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Afghans Who Have Relocated to the United States Have Difficulties in Finding Cheap Accommodation!


IRVINE, Calif. Mozhgan Entazari tried everything she could to find her family a new home in the sunny, palm tree-lined suburbs of Southern California.

So, when her family was staying in a hotel in Irvine, south of Los Angeles, she and her husband looked on Zillow. Her $200 Uber ride to visit an apartment 90 minutes away turned out to be a scam.

Entazari required space for her immediate family and seven distant family members.

It took four months. They will move into a $5,000 five-bedroom house in Corona, about 50 miles (80 kilometres) southeast of LA, on Sunday.

The family’s problems are symbolic of what tens of thousands of Afghans are discovering since leaving US military posts and moving into American cities and towns last summer. In Southern California and Washington, D.C., Afghans have developed lively communities with Halal food stores and mosques.

But these are some of the country’s priciest housing markets, and units, especially for bigger Afghan families, are scarce. Refugees are staying longer in hotels, Airbnbs, and churches, according to resettlement agencies.

Entazari will live with her husband, children, mother, teen sister, and brother and his family.

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Finding accommodation without a job, credit history, or co-signer was tough for her. She and her husband couldn’t acquire employment and her kids couldn’t enrol in school without an address.

“Housing is everything,” Entazari remarked in Farsi through an interpreter.

They had to pay two months’ rent upfront, but an organisation will support a portion of their payment until next year.


As the US recovers from the pandemic, Afghans are looking for housing. The national vacancy rate for rental units fell to 5.6 per cent in the fourth quarter of 2020, according to new Census statistics. The average US rent rose over 16% to over $1,850 in January, according to Zillow, an online real estate marketplace that began helping landlords interact with recently arriving Afghans in November.

Ahmad Saeed Totakhail found permanent residence in Dale City, Virginia, roughly 25 miles south of Washington.

His sister lived there till he acquired his place. The same organisation that hired him in Kabul hired him in Arlington.

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The beautiful mosques and abundance of Afghan cuisine have eased his departure. But he was stunned by the monthly fee of $2,000 for his family’s refuge.

“It’s extremely costly.” It’s a good place. My family is here. But we never talked about money.”

According to the Migration Policy Institute, half of all Afghan immigrants dwell in five large cities: Washington, Sacramento, San Francisco, New York, and Los Angeles. As a result, many Afghan newcomers use the names of family or acquaintances already residing there as connections while applying for resettlement.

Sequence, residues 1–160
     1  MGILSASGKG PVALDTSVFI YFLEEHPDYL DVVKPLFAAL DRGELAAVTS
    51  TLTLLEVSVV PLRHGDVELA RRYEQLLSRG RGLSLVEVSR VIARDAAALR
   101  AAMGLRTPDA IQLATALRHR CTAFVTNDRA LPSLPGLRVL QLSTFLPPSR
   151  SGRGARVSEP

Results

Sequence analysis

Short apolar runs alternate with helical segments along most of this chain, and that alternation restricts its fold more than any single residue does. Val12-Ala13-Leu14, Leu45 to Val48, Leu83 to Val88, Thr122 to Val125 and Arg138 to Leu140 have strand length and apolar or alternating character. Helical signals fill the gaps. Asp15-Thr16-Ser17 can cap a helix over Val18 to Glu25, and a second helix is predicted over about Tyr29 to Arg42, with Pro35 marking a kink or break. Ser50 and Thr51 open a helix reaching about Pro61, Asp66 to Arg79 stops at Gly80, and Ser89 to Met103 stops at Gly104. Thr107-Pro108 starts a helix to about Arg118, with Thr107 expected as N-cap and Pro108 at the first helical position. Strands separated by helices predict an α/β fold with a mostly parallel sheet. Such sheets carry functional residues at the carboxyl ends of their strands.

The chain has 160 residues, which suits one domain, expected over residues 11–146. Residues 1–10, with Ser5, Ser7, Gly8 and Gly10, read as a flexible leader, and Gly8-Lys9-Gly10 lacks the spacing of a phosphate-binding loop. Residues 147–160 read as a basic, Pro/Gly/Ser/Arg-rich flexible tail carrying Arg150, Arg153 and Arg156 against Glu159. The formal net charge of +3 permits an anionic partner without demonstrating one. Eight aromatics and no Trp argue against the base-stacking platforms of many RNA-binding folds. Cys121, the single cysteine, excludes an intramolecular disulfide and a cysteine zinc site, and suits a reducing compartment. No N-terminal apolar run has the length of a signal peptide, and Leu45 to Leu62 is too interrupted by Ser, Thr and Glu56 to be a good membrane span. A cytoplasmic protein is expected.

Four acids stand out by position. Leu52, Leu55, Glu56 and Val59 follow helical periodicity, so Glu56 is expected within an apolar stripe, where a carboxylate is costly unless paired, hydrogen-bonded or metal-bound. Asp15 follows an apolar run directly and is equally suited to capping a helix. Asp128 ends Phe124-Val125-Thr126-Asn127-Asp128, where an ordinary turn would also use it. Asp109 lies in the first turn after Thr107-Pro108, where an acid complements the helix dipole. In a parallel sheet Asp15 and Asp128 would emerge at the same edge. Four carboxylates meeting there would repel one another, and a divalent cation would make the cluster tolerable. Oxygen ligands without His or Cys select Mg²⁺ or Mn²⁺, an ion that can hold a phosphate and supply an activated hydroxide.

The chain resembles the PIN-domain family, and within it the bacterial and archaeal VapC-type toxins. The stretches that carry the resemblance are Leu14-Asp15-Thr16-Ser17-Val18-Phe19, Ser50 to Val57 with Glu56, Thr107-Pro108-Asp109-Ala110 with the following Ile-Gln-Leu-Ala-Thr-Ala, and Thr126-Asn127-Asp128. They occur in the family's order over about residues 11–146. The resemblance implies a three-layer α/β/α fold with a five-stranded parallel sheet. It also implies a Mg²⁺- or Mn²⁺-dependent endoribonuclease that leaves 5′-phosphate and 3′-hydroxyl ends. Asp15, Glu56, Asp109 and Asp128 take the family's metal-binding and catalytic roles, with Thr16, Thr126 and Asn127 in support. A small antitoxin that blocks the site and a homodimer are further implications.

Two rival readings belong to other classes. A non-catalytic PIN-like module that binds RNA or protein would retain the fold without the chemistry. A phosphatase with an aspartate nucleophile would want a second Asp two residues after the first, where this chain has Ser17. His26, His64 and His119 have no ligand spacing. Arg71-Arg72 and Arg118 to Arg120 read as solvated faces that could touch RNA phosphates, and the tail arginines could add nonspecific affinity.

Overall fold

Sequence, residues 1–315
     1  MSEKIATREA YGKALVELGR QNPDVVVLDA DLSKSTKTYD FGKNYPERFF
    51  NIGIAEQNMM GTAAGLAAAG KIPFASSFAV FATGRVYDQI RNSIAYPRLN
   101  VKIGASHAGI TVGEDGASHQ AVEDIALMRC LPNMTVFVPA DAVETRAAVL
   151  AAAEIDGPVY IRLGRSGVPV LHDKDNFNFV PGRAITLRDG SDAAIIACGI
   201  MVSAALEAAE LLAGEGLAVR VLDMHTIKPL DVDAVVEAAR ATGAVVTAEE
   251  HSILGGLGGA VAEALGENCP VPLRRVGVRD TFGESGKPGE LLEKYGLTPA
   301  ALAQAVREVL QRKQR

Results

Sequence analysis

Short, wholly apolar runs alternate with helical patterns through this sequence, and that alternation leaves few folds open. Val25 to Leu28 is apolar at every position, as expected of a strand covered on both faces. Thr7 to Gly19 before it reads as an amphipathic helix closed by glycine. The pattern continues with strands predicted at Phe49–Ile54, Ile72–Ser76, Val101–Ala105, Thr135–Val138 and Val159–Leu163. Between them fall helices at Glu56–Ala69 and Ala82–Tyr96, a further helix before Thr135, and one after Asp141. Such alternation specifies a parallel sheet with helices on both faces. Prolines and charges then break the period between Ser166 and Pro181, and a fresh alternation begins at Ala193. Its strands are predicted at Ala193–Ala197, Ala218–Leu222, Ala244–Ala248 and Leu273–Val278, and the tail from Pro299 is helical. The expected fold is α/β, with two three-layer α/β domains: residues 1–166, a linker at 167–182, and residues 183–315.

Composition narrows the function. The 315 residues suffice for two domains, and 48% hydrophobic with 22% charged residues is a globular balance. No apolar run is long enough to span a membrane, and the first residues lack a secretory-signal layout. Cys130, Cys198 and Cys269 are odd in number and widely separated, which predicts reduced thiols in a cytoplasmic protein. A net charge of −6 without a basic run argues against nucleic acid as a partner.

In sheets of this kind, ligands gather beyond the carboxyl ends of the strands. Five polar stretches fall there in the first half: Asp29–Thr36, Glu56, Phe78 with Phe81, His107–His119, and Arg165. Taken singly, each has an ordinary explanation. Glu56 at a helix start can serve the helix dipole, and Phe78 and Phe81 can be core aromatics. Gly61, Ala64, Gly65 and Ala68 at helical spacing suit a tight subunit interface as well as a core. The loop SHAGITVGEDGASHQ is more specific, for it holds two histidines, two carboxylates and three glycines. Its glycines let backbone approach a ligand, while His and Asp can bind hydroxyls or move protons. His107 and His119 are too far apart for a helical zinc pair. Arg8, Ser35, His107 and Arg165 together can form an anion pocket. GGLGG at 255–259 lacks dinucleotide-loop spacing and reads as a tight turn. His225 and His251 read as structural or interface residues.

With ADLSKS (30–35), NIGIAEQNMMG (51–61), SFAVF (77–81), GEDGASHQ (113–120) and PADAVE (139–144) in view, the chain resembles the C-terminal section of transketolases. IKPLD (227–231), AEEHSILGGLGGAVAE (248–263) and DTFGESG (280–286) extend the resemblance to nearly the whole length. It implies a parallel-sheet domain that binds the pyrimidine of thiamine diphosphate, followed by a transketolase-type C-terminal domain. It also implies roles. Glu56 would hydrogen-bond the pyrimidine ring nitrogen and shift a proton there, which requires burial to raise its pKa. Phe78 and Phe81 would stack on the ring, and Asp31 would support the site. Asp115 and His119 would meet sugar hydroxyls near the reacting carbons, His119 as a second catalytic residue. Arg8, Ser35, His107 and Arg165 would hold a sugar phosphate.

Since the Taliban took over Afghanistan last year, many of these places have reached capacity, according to Krish O’Mara Vignarajah, president and CEO of Lutheran Immigration Refugee Service.

The resettlement group has partnered up with Airbnb to provide temporary housing while looking for a permanent solution. To fulfil demand, they built offices in more cheap markets. But the places must also have a strong employment market and support institutions for Afghan families, such as mosques and Halal stores, she said.

The State Department says it doesn’t track how many Afghans are staying in hotels. US State Department figures show that roughly 10,500 Afghans had arrived in Texas, 8,200 in California, 5,100 in Virginia and 2,800 in Washington since the Taliban took charge.

Since last summer, Lutheran Social Services has assisted almost 4,000 Afghans relocate. As a recent Afghan refugee, Zabi asked to be recognised only by his nickname since he still has family in Afghanistan who may be targeted because of his former service with the US military.

For local landlords and property owners, Afghan refugees are worth a little extra consideration.

“They’ll pay their rent,” he added, adding that the agency and the Afghan community assist many find work swiftly.

Churches in Newburyport, Massachusetts, welcomed four Afghan families. With the high expense of living in the mostly white, affluent neighbourhood on the New Hampshire border, Rev. Jarred Mercer says helping them settle is difficult.

He and another preacher are working with city officials to enlist the help of local property owners and charities. They’ve gathered funds and organised volunteer committees to help with everything from English classes to transportation.

Weaning them out of town and starting over would be more traumatising for them, Mercer says.

Several Afghan families were requested to relocate after months of searching for a home in Southern California, according to Afghan Refugee Relief worker Sonik Sadozai.

Sadozai, an Afghan immigrant who arrived in the nation 40 years ago, said she has never experienced such many challenges.

In part, she claimed, she was able to help Entazari and her family leave the Irvine hotel because a Syrian friend of an Afghan man she had helped find lodging four years ago contacted her.

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But she worries about the other 100 Afghan families she is assisting in their hunt.

Many landlords hit hard by the pandemic are demanding two months’ rent in front, which is difficult for newcomers, especially those needing larger units.

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